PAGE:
BARCELONA – Ching-Jiang Hsieh has been forging tight links with China’s handset makers. The president of Mediatek believes they will be the source of the next big wave of smartphones.
“We will sell 50 million handset chip sets this year, up from 10 million last year,” said Hsieh in an interview with EE Times at the Mobile World Congress in late February. “This year feature phones will decline for the first time—they were almost flat last year—because smartphones are growing,” he said.
Market watchers agree. As many as 600 million smartphones will ship in 2014, and as many as half of them will be low cost models replacing feature phones, according to Linley Gwennap, principal of the Linley Group (Mountain View, Calif.). Chips that integrate apps processors and basebands will power 70 percent of those handsets, up from 40 percent in 2010, Gwennap predicts.
Likewise, Strategy Analytics said China overtook the US as the world’s biggest smartphone market in the third quarter of 2011. The shift was largely thanks to China’s cellular carriers who bought lots of models that cost less than US$160, making it the fastest growing segment.
Whether Mediatek can lead this new wave is an open question. The Taiwan company is battling with one of China’s fastest rising fabless companies, Spreadtrum Communications Inc., that also has its eyes on this market.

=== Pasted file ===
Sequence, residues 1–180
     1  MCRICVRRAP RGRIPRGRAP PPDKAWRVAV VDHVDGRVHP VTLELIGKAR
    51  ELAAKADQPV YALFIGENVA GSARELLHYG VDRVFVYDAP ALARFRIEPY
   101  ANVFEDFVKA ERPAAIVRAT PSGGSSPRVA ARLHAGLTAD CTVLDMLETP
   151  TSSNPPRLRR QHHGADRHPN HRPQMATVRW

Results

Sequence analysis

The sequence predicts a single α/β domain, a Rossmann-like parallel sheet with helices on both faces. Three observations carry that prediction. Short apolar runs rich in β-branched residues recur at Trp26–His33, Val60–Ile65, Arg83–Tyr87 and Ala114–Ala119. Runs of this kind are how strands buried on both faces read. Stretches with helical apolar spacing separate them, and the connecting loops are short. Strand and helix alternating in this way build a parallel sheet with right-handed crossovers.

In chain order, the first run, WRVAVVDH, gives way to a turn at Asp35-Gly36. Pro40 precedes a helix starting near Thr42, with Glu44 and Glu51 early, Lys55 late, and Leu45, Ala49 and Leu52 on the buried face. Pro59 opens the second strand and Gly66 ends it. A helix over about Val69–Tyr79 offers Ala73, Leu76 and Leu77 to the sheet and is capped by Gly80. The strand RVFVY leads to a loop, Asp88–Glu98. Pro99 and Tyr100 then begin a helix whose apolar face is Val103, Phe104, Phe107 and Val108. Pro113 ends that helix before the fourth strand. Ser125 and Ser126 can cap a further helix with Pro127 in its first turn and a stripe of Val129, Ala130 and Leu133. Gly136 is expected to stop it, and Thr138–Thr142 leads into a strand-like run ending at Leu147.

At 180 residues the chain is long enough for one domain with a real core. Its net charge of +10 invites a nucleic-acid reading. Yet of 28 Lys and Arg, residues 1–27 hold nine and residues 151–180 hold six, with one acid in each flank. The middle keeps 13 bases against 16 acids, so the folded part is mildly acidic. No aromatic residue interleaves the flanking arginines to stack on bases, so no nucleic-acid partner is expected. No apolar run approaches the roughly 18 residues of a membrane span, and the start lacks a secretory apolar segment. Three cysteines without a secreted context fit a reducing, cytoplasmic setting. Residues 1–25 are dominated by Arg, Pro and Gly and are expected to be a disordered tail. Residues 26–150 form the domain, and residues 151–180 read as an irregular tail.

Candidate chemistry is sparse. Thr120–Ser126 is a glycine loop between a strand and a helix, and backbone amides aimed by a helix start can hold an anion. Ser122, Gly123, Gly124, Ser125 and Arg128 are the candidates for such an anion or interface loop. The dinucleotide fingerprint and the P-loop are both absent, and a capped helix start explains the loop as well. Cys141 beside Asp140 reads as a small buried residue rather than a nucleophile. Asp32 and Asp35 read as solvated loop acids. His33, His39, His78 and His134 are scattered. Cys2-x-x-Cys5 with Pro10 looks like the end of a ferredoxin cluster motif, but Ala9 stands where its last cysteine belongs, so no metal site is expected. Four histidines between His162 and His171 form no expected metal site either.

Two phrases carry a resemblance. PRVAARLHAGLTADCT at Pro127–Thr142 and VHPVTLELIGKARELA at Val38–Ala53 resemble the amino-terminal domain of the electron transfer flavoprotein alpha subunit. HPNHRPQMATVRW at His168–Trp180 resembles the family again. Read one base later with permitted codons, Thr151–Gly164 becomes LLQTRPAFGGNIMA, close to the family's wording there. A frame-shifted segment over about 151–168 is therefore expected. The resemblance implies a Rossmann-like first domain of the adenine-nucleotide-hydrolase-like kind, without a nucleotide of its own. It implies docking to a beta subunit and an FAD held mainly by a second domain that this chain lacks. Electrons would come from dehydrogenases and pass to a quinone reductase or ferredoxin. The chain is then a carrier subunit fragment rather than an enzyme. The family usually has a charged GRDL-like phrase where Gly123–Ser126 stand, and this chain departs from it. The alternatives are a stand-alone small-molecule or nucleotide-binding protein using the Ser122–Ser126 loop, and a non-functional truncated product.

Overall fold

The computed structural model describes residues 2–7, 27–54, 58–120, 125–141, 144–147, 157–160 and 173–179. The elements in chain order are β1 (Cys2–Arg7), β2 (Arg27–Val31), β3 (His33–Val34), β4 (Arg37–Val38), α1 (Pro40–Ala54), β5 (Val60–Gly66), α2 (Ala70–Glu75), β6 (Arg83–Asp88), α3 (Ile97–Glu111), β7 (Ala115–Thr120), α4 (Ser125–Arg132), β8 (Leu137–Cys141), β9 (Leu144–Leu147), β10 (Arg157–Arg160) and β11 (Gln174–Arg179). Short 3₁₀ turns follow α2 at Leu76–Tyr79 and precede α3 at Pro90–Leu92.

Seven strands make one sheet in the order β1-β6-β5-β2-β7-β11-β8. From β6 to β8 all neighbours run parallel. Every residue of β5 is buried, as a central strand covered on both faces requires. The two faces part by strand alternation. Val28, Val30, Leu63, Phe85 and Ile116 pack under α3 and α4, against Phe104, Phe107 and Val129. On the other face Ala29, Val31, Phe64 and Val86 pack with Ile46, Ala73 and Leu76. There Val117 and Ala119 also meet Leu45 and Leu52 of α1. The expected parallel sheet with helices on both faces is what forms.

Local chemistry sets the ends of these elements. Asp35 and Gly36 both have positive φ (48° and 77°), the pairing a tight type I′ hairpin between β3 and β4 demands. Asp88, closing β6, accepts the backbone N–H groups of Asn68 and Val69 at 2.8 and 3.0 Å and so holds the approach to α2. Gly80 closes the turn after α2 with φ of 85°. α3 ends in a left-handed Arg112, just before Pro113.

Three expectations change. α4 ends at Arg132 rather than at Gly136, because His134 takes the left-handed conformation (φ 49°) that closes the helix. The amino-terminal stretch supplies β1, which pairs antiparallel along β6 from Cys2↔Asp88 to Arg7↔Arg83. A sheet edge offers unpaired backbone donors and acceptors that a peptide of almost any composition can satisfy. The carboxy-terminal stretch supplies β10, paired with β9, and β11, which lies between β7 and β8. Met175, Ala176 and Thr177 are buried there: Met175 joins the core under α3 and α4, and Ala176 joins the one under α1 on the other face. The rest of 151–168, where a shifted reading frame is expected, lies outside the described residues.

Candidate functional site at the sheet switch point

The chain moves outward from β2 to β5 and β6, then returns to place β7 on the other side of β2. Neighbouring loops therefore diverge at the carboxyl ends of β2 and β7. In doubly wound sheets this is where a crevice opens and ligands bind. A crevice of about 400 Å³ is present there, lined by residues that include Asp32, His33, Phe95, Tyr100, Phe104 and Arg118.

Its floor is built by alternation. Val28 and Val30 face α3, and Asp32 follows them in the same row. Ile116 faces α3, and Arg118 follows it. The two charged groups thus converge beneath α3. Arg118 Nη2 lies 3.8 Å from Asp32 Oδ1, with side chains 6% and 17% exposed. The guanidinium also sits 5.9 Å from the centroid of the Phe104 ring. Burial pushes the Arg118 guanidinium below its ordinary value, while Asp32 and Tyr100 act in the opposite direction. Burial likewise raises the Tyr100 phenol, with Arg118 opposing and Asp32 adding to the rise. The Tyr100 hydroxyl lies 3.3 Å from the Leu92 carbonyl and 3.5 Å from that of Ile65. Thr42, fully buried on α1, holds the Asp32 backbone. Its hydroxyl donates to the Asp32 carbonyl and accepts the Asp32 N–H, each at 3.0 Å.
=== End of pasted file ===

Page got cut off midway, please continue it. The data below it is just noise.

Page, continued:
Like Mediatek, Spreadtrum recently released GHz-class ARM Cortex A9 applications processors to serve the market for smartphones that hit a $100-$160 price point. Smartphone chip giant Qualcomm also is focusing increasingly on integrated chips.
Hsieh said part of Mediatek’s edge is its relationships with and understanding of the China handset makers who he thinks will drive the shift. Four of China’s top handset makers--Huawei, Lenovo, TCL and ZTE—make up 40 percent of Mediatek’s handset business, and a diverse set of 100 other companies make up the rest, he said.
The big four are not only well known in China but have growing export businesses. Mediatek helps these OEMs quickly fill out the middle and low-end tiers of product lines.
Huawei’s HiSilicon group has been making its own applications processors for some time. The Shanghai based team announced a quad-core chip at Mobile World Congress with souped up graphics it claimed beat Nvidia’s Tegra 3.
A lot of attention gets paid to such image products by the gadget-crazed media. But that segment of the market will grow at a rate a little less than two percent over the next few years while the overall smartphone pie expands by as much as 45 percent, Hsieh said.